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  #21  
Old 01-23-2013, 11:13 AM
PaperCutter PaperCutter is online now
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Where is the fireplace going relative to the structure? Assuming the dude at the end of the video is my height, that puts the top of the chimney at around 66". I wouldn't want that venting onto a pergola, and I definitely wouldn't want it venting into a roofed structure.

Without knowing exactly what you're building and how you're finishing everything it's hard to know how far off your numbers are. I know I couldn't be under $5k for a pergola for that size space, $10k for a roofed structure, but if you're confident, have at it. This isn't even saying you're leaving money on the table, this is worrying that you're hosing yourself.

Take DVS's advice and let the client buy the materials and just charge for your labor. I'd bill weekly, too. When you're dealing with unfamiliar products you're going to hit snags, and when you're dealing with Harry Homeowner stuff like that fireplace you often hit huge snags.
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  #22  
Old 01-23-2013, 03:39 PM
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dstifel dstifel is offline
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I will do that and let them purchase material. I'm just roughing numbers because I want to see how close I will come so I know for future work. I appreciate all the advice and am trying my best to let your experience overtake. I have since double checked all my numbers. Thank you Dvs paper cutter And rj
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  #23  
Old 03-15-2013, 04:43 PM
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dstifel dstifel is offline
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THought i would update you guys on this project. Starting groundwork next week. Little bit of skid loader work to be done. Have a buddy coming in to do that. My question is he is going to bill me at the end. Is it pretty standard to mark that up say 5-10% and make a little profit or is that not an acceptable thing to do?
Thanks again guys pretty sure you saved my a$$ on this one!
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  #24  
Old 03-15-2013, 06:57 PM
OSdb OSdb is offline
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You didn't already give the customer a price?
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Old 03-15-2013, 07:05 PM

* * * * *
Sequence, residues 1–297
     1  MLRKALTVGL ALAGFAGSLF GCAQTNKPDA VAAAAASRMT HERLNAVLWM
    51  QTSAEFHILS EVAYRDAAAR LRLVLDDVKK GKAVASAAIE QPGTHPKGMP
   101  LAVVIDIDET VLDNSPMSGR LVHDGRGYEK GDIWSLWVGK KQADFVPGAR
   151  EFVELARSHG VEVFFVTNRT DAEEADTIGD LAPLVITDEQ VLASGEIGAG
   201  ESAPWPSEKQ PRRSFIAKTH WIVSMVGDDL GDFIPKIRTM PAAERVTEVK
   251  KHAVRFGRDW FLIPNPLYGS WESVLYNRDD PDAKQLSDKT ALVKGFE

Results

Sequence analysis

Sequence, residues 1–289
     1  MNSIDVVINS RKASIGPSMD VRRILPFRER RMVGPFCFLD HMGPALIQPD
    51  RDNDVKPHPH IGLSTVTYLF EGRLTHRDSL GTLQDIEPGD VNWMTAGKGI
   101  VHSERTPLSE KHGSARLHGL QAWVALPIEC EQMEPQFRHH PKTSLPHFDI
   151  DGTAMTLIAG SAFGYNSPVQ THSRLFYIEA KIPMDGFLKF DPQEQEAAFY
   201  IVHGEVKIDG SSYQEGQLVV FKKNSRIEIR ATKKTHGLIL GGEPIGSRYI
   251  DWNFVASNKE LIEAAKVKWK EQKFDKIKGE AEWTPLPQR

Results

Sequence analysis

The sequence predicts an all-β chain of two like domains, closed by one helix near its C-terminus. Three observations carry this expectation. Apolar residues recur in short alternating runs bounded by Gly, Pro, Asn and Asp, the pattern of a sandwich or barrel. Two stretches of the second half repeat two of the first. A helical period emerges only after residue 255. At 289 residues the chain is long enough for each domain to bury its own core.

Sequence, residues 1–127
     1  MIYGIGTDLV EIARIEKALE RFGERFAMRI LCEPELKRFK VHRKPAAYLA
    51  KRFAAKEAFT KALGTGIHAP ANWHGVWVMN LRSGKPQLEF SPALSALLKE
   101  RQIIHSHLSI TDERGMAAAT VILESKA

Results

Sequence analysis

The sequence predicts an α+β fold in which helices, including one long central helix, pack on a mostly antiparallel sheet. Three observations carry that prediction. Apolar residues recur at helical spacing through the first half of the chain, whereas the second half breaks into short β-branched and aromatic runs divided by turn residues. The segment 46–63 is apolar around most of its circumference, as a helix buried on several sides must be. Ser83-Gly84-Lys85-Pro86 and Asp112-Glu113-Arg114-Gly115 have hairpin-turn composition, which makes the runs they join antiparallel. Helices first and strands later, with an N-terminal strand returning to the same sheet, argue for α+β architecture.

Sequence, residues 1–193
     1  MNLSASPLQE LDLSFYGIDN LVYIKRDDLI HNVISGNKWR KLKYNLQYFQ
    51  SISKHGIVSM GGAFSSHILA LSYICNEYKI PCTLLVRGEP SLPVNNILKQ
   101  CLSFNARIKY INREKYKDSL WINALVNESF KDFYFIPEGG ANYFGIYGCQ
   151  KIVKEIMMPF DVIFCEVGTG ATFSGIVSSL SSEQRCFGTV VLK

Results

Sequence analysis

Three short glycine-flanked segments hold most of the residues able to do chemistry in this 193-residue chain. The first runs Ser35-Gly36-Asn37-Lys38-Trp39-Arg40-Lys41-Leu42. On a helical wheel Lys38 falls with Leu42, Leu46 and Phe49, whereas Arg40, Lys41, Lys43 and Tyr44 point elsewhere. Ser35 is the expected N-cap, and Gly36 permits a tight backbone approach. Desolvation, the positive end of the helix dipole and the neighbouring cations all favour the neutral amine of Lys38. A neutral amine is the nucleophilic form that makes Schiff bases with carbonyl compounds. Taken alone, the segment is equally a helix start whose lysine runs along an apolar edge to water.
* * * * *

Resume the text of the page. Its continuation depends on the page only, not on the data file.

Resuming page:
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dstifel dstifel is offline
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Well being this is my first hardscaping job i gave them a rough estimate of where it would be. They are paying for all material and i will be billing them out hourly for the work i do. This is what some pretty big contractors like DVS recommended doing and being that ihvae no room to argue I'm going to take his advice on this. It will be a great job for me to get some experience under my belt and learn out how to price things. I have what i think would be a good quote in mind so at the end it will be good to see how close i am. I will be taking detailed notes on each phase of the project so that i can see what went good and what went wrong so i can adjust for future projects. As stated above the client is a fairly good family friend and is fully aware of my situation. I would not just do this with any random client of mine.
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  #26  
Old 03-15-2013, 07:13 PM
OSdb OSdb is offline
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Gotcha, based on this situation I wouldn't put anything on it but just about whenever I sub work I do add money to it to make it worth my time. I have to over see the subs and need to be paid for it.
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Old 03-15-2013, 07:15 PM
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dstifel dstifel is offline
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Ok that makes sense thank you for the response. If you don't mind asking what is a typical cost to add on? do you do it as a % thing or just depends on what the situation is?
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  #28  
Old 03-15-2013, 07:41 PM
OSdb OSdb is offline
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I don't really do it by a percentage, I figure out how much effort I have to put into at and what I need to make off it for it to be worth my while doing and still having a competitive price.
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Old 03-15-2013, 09:02 PM
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I see. Thank you for the info!
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  #30  
Old 03-20-2013, 11:27 AM
Tom Schureman Tom Schureman is offline
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If you are using a Firerock or Isokern fireplace shell, you will still need to install a frost free footing. You are way to cheap on your price for the fireplace....especially if you add any type of hearth or mantle. You may want to use an experienced mason to do the stone work. Also check to see how high you need the chimney to be to get adequate venting. Wind and other structures can effect this
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